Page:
Here on Long Island, the Belmont Stakes is a "happening". While I usually do not attend the race since the crowds are huge and the traffic endless, I do celebrate with family and friends. Last week, my family attended the 22nd Annual Belmont Festival on Seventh Street in Garden City. The street was filled with vendors, two musical groups, and restaurants opened for street-goers. We strolled down the street, dodging beach balls that were being thrown by fast-moving middle schoolers, and listened to the rock music.
The next day, there was anticipation for the Belmont Stakes race. I watched the pre-show talking about the history of the race and the biography of Justify's jockey, Michael Smith and the trainer, Bob Baffert. I waited to see the fashion worn, especially the fascinators and the traditional wide-brimmed hats. Then, we went off to a Belmont Stakes dinner party at a friend's house to immerse ourselves in the pre-race activities. Guests crowded into the family room awaiting the race. My iPhone camera was ready to capture the action.
The excitement mounted as the horses paraded out.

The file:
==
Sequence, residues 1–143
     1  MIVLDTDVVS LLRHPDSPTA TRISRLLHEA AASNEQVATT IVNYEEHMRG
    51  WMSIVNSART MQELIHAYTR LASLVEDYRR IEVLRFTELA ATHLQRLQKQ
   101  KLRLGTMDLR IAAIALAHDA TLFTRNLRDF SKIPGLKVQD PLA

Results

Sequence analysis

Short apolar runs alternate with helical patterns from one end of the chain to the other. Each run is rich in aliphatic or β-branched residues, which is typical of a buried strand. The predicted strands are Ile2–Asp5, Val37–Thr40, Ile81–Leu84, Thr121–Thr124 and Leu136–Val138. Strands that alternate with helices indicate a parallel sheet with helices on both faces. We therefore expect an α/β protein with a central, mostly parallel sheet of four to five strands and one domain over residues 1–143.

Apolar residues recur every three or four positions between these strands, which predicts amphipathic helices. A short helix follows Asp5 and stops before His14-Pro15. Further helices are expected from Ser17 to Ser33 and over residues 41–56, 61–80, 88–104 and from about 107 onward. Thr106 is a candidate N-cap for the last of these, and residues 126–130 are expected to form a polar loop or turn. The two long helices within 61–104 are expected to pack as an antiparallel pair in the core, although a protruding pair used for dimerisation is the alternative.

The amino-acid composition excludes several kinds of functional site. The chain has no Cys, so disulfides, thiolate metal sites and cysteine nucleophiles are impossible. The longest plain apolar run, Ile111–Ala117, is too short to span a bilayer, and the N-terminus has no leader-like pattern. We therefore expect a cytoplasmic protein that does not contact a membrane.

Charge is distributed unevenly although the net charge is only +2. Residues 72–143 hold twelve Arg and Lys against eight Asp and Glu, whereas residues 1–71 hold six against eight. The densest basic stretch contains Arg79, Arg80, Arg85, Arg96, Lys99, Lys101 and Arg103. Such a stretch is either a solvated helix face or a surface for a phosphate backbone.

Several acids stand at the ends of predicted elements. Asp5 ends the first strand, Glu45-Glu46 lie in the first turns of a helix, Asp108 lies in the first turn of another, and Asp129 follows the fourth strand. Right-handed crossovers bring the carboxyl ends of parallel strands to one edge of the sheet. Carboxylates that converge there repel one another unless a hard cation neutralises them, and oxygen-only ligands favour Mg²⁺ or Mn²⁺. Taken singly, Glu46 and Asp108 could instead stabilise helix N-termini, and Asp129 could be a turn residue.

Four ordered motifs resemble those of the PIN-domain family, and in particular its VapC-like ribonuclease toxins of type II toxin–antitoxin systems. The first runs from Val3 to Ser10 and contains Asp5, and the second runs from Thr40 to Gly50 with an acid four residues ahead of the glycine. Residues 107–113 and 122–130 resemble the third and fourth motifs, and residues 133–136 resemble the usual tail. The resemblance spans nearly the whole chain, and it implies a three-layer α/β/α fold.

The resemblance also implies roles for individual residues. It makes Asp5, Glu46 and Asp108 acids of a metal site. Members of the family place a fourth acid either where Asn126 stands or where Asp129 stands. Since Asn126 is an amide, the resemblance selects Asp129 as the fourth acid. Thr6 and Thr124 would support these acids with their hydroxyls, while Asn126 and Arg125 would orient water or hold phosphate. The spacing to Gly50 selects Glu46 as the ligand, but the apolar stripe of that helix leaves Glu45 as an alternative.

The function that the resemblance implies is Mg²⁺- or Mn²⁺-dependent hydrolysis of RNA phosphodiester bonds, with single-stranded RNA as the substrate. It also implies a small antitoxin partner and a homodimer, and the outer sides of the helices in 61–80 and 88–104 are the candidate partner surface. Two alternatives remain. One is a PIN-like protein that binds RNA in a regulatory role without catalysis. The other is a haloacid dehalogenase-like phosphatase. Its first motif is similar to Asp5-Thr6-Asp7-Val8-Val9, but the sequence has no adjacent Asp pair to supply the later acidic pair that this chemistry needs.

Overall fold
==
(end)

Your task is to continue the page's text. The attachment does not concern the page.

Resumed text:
Justify, the clear favorite, was beautifully groomed, calm, and impressive in his stature
He was ready for the race of his lifetime.
Stamina and the guidance of his jockey were clearly needed to win the Triple Crown.
Looking back on the weekend and thinking ahead to the end of the school year, the hashtag #finishstrong comes to mind. I'd like to end this post with a comparison of the race to the Triple Crown with students' path to lifelong learning, a goal that educators prize at the end of the year.
Justify finished strong with the ongoing caregiving of his training team, the guidance of his jockey, stamina training, and the vigorous cheering of the crowd. Just like in racing, educators need to encourage students to finish strong by passionately engaging them in active learning activities up to the last day, provide caregiving in ecosystems of trust and positivity, guide their learners, and be champions of hope to help students attain educational victories. Students, in turn, need to build stamina, persevere in the face of difficulty, and strive to become lifelong learners.
"A champion needs a motivation above and beyond winning." -Pat Riley
Are we ready to take on the challenge of finishing strong? Let's build positive momentum leading our students onward. Here is a found poem created from thoughts culled from a short video of Justify's race to the Triple Crown. Perhaps, it will inspire educators and students to finish strong like Justify did.
Take an early lead.
Set the pace.
Slow down a bit.
When you're halfway home,
Continue the run.
There may be a far turn but
At the top of the stretch,
Come roaring home as you
Hear the crowd cheer you on.
Become an inferno of strength
To move you closer
Toward your end goal
Because you are a winner!
It's Slice of Life Tuesday at Two Writing Teachers. I am heading over to join my fellow slicers.